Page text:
Angel with Drumsticks by Pamela King

Angel with Drumsticks is an unusual and interesting memoir. The synopsis (set out at the end to assist readers of this review) makes clear this account relates to the results of an ‘experiment’ authorised by the Vatican.

81ibbuuqb6l-_sl1500_The tale basically regards how some Italian young people responded to an enterprise arising from the Vatican II council. As the book explains, the aim of the council was to: ‘make the Church more relevant to the young people, to modernise the Church and to be more welcoming to entice them to follow its spiritual path, rather than exhort them to do so.’ The reader is shown how a young music band’s countrymen acclaimed them a success and how their ‘professional’ lives changed as a result. However, as tends to occur with each new generation, there was some conflict, well at least friction, between traditionalists and the up and coming generation of young people. Nevertheless, these young men where not out to be contradictory or to undermine the Roman Catholic Church but simply wished to help and support the fulfilment of Vatican II aims. In truth they were grateful to have been asked to be part of the project ‘La Messa Dei Giovani’.

When reviewing it is best, and quite honestly only fair, to avoid the inclusion of spoilers. However, in this case the synopsis readily sets out what the book is about and indicates the consequences for the protagonists of their willing participation in a new venture.

On the surface this memoir appears to only be of interest to a limited audience e.g.:

  • Those interested in the decisions etc. of the Vatican II council.
  • People who would like to know how the conclusions of Vatican II were or were not implemented.
  • Critics of the Roman Catholic Church.
  • Vatican conspiracy enthusiasts.
  • Conspiracy theorists.
  • Historians with a particular interest in The Catholic Church.

Nevertheless, others are strongly encouraged to read it. It is not something that would normally catch my attention but, if ignored, I would have missed out on an interesting and informative read.

Evidently a lot of research has gone into the writing of this book. The historical photographs and media extracts included assist the reader by providing a fuller comprehension and understanding of the well-presented facts and information.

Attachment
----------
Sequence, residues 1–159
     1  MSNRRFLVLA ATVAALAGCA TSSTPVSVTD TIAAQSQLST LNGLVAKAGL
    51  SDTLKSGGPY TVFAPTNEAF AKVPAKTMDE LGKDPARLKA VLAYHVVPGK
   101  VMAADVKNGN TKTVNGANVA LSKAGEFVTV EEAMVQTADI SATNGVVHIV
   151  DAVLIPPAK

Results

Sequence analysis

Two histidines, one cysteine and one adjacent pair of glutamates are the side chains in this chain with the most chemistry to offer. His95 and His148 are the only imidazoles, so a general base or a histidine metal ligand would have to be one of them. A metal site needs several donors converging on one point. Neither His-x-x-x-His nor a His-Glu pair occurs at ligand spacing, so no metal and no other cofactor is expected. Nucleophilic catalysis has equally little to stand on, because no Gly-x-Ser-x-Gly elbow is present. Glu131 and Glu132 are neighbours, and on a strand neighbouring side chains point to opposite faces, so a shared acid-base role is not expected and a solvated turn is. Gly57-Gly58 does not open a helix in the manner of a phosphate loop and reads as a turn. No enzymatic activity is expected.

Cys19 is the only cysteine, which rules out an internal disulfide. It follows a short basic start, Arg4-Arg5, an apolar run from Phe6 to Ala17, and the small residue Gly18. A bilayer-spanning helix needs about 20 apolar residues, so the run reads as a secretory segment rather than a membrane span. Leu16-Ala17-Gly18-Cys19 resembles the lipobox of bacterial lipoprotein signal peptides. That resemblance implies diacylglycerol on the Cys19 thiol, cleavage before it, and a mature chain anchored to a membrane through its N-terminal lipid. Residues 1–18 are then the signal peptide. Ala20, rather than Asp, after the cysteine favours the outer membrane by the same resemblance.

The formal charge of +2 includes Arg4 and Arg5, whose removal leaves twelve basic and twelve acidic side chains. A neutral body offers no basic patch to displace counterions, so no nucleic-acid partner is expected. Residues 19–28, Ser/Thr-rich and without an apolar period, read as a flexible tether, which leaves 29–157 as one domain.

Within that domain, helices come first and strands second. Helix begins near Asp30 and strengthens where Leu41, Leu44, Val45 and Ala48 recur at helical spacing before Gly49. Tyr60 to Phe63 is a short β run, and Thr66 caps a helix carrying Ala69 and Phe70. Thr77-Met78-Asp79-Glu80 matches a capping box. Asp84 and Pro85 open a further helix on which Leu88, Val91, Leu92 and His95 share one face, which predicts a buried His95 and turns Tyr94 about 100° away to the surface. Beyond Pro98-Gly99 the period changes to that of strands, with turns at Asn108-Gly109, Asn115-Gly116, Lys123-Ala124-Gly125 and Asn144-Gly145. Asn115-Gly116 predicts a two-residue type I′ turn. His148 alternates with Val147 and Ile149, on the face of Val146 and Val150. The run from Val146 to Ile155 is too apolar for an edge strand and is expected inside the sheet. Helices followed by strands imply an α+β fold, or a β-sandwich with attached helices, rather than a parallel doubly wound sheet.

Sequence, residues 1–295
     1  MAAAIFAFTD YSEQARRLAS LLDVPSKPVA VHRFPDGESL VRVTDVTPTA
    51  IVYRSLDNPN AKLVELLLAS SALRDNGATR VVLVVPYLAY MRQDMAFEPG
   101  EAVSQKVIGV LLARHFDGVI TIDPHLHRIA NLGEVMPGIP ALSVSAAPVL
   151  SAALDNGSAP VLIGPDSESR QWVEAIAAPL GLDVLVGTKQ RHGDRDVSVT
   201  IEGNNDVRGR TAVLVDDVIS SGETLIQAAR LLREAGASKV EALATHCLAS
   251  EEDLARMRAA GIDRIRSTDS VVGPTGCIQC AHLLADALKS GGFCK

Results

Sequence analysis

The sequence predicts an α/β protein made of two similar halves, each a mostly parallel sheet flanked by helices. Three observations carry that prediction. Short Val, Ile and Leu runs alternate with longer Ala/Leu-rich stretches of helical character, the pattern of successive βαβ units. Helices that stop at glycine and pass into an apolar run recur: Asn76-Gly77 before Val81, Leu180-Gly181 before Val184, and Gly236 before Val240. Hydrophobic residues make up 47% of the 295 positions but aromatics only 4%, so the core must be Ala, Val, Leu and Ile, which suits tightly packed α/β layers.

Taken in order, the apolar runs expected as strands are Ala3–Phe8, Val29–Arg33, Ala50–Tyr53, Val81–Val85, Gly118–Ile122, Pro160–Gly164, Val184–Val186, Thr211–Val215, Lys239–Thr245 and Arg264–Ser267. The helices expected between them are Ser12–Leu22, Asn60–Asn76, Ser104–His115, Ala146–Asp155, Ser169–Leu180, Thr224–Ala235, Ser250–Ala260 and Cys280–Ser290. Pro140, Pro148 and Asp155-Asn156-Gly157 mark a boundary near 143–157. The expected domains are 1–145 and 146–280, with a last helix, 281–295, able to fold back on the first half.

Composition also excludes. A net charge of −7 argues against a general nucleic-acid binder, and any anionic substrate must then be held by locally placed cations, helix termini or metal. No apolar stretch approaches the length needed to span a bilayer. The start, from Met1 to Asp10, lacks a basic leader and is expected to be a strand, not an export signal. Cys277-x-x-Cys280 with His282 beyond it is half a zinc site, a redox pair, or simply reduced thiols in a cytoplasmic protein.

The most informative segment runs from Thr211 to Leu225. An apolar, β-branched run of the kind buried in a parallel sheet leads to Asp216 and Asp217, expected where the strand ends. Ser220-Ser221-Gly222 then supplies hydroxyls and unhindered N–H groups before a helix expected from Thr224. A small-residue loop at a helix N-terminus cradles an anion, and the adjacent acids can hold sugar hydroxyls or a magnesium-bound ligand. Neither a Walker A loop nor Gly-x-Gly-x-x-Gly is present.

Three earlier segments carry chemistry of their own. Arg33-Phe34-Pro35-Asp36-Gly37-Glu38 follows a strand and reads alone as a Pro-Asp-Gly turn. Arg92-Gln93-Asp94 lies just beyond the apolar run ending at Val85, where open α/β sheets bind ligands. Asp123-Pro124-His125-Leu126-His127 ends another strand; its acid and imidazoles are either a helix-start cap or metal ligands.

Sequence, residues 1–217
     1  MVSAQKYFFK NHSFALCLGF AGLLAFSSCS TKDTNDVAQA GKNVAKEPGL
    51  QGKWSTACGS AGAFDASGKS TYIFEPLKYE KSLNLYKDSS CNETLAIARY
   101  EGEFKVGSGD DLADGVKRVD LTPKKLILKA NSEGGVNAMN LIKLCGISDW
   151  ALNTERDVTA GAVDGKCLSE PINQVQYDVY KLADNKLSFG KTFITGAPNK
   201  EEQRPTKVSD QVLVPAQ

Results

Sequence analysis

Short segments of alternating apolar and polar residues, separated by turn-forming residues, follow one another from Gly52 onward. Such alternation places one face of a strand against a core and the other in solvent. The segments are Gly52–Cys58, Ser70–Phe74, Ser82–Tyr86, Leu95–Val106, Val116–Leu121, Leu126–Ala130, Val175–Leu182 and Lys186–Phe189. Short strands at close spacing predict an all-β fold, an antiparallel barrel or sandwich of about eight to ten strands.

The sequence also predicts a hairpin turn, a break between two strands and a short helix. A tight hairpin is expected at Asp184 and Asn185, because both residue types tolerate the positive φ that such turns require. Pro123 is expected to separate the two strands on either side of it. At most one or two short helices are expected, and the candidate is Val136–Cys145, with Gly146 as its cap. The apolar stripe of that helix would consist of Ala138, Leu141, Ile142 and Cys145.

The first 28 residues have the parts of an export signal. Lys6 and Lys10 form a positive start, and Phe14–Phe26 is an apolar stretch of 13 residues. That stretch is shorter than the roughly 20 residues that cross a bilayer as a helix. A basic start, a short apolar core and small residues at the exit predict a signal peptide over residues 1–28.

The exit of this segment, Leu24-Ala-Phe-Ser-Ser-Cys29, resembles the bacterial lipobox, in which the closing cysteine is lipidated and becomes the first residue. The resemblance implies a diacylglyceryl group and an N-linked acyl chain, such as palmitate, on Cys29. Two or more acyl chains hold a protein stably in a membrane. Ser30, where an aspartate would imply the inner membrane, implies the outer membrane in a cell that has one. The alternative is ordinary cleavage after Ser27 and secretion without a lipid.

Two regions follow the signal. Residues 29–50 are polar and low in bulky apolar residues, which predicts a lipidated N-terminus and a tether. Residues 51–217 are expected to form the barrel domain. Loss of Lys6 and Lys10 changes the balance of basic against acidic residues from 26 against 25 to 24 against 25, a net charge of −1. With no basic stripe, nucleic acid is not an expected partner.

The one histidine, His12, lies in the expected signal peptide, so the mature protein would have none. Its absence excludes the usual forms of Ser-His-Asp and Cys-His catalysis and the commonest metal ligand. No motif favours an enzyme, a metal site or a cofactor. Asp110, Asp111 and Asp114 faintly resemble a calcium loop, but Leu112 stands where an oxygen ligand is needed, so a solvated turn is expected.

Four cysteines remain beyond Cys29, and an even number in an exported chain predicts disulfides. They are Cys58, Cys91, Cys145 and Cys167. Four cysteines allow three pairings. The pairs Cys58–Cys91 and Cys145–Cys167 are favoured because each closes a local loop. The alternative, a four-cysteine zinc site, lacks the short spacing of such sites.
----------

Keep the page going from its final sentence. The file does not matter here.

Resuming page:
Rating: As said, it is evident considerable research has been undertaken in the preparation of this informative memoir. This has enabled the historical details underpinning the story to be presented in a readable and clear manner. It is true the book would benefit from further proof-reading; there are numerous minor errors. Nevertheless, as these are primarily typographical or wrong word order they do not detract from the tale. As anyone who has read my reviews knows, I generally consider most books realistically fall within the tree stars rating band. But not in this case. I have no hesitation in allocating four stars (4*) to this absorbing memoir.

I recommend this book to anyone interested in:

  • A different type of memoir.
  • Modern history.
  • Music history.
  • Vatican/Roman Catholic history.

It is not a long book (97 pages including photographs and media extracts).

My copy: Though this has not influenced me in the least I should mention the author, Pamela King, kindly agreed to review one of my books long before asking if I would review Angel with Drumsticks. Her acceptance of my book was unconditional. She did subsequently ask if I would consider hers and I was more than happy to do so. Pamela then kindly provided me with a free copy. Again I must emphasis this did not influence me in the least; I firmly believe, if the rating system is to have any value, we need to be honest in our reviews. To be otherwise does no favours to readers or authors.

Synopsis: ‘A scathing indictment of how the Vatican handled the aftermath of the La Messa Dei Giovani in April 1966, this emotive book chronicles the story from a formerly silent perspective; the founder of the Italian Beat band Angel and the Brains.

It recounts the band formation and its music ambitions and relates the true story of what happened in the 12 months after “La Messa” was conceived to fulfil the desires of Vatican II to make the Catholic Church appealing to young people. Then, because of resulting bitter and vicious arguments within the church and the media, the Vatican took a course of action that was inconsiderate, hurtful and cold hearted.

It explains how the young musicians, responded to an invitation from the church only to have their fledgling careers destroyed.

The reader will discover that many articles in recent years are wrong in their descriptions of what happened following La Messa and falsely acclaim it as being a successful innovation of the Catholic Church at the time.’

Availability: The book is available both in paperback and as an e-book.                  

It is also available in Italian at:

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